Hillary Clinton, in her first interview after leaving the State Department, offered a wise metaphor about the current state of presidential election madness.
"This election is more than three years away, and I just don't think it's good for the country," she told New York magazine recently, referring to the fevered speculation about her possible candidacy.
"It's like when you meet somebody at a party and they look over your shoulder to see who else is there, and you want to talk to them about something that's really important; in fact, maybe you came to the party to talk to that particular person, and they just want to know what's next," she says. "I feel like that's our political process right now. I just don't think it is good."
Clinton knows what it's like to be on both ends of that exchange. She was a political spouse; the shortsighted looked over her shoulder for many years, seeing her as merely an adjunct to her accomplished husband. Now, she is the person who draws every eye in the room -- away from even her husband.
Most presidential candidates strain for attention. They rush to Iowa, write books, or take extreme positions on controversial issues. Clinton has to do the opposite, trying to flee the circus ready to chase her down the grocery-store aisle.
But she's in a bind. If she makes too much news this far ahead of the 2016 presidential election, there's a chance people will tire of her candidacy. Last week, Joan Walsh of Salon said she's feeling Clinton fatigue already.
If Clinton steps back, though, the unstoppable flow of stories will come anyway -- especially the highly unflattering ones that feature people loosely associated with Clinton world, like the New Republic profile of Doug Band, who once oversaw the Clinton Global Initiative. Not all of these people leave a good impression.
Clinton is perhaps the first presidential candidate of the modern age who needs a Rip Van Winkle strategy: a disappearing act to remove her from the witless swirl of speculation and gossip, and to preserve her presidential options.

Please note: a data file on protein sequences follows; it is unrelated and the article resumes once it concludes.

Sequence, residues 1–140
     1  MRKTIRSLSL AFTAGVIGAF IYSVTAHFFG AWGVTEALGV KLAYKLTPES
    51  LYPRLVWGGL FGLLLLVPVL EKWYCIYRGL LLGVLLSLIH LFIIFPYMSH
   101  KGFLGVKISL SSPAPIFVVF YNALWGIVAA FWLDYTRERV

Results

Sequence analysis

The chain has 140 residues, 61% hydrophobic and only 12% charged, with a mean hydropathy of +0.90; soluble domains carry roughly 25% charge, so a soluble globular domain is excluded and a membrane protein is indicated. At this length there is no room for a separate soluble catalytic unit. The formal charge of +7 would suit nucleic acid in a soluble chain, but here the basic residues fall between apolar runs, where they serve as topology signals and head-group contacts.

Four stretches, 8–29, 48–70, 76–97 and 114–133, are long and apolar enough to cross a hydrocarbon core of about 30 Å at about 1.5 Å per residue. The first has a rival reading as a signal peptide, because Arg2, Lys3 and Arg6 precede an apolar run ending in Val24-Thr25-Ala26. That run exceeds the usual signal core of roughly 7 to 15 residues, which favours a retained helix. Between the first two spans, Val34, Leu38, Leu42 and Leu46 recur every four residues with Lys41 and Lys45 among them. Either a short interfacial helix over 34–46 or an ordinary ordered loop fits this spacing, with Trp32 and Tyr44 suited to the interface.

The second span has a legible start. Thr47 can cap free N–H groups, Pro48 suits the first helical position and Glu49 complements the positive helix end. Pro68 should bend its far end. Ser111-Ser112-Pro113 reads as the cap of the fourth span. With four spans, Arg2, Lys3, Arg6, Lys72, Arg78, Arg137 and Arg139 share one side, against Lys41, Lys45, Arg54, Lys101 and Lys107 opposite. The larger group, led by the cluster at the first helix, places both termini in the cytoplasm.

But it's frankly hard to imagine a place she could retreat that would quiet the appetite of editors, gossips and TV producers. Retreating would give voters a pause and Clinton a chance to live a normal life, but there's also a governing benefit: We get sick of our presidents pretty quickly in the age of the hyper news cycle. (Who pays attention to a Barack Obama speech these days?) With candidates starting to position themselves for the presidency earlier and earlier, it's almost certain that we'll be sick of the next president by the time he or she is in office.
If Hillary Clinton is that president, it will be particularly acute in her case.
Though Clinton worries about the country looking over the president's shoulder at the next candidate, she isn't exactly keeping her arms at her sides. It's obvious that she's thinking about running for president. The former secretary of state explained to New York magazine how normal her life is now. She's just flopping about the house, laughing at the dogs. As America's jet-set chief diplomat, she only had time to speak to her husband by phone; now she's watching stupid movies with him.
It all has the feel of a reset, both natural and strategic: Of course she's the competent woman in that C-17 photograph, but she's also normal, real and grounded.
If you're into tea-leaf reading, when you look into the bottom of the New York story, it spells out: Hillary 2016. Clinton positions herself as a secretary of state who was in the thick of it, but independent enough to disagree with the president.
It's the kind of story we once expected to read a year before a presidential race, not three years before. Now she just has to figure out how to manage those two long years in between.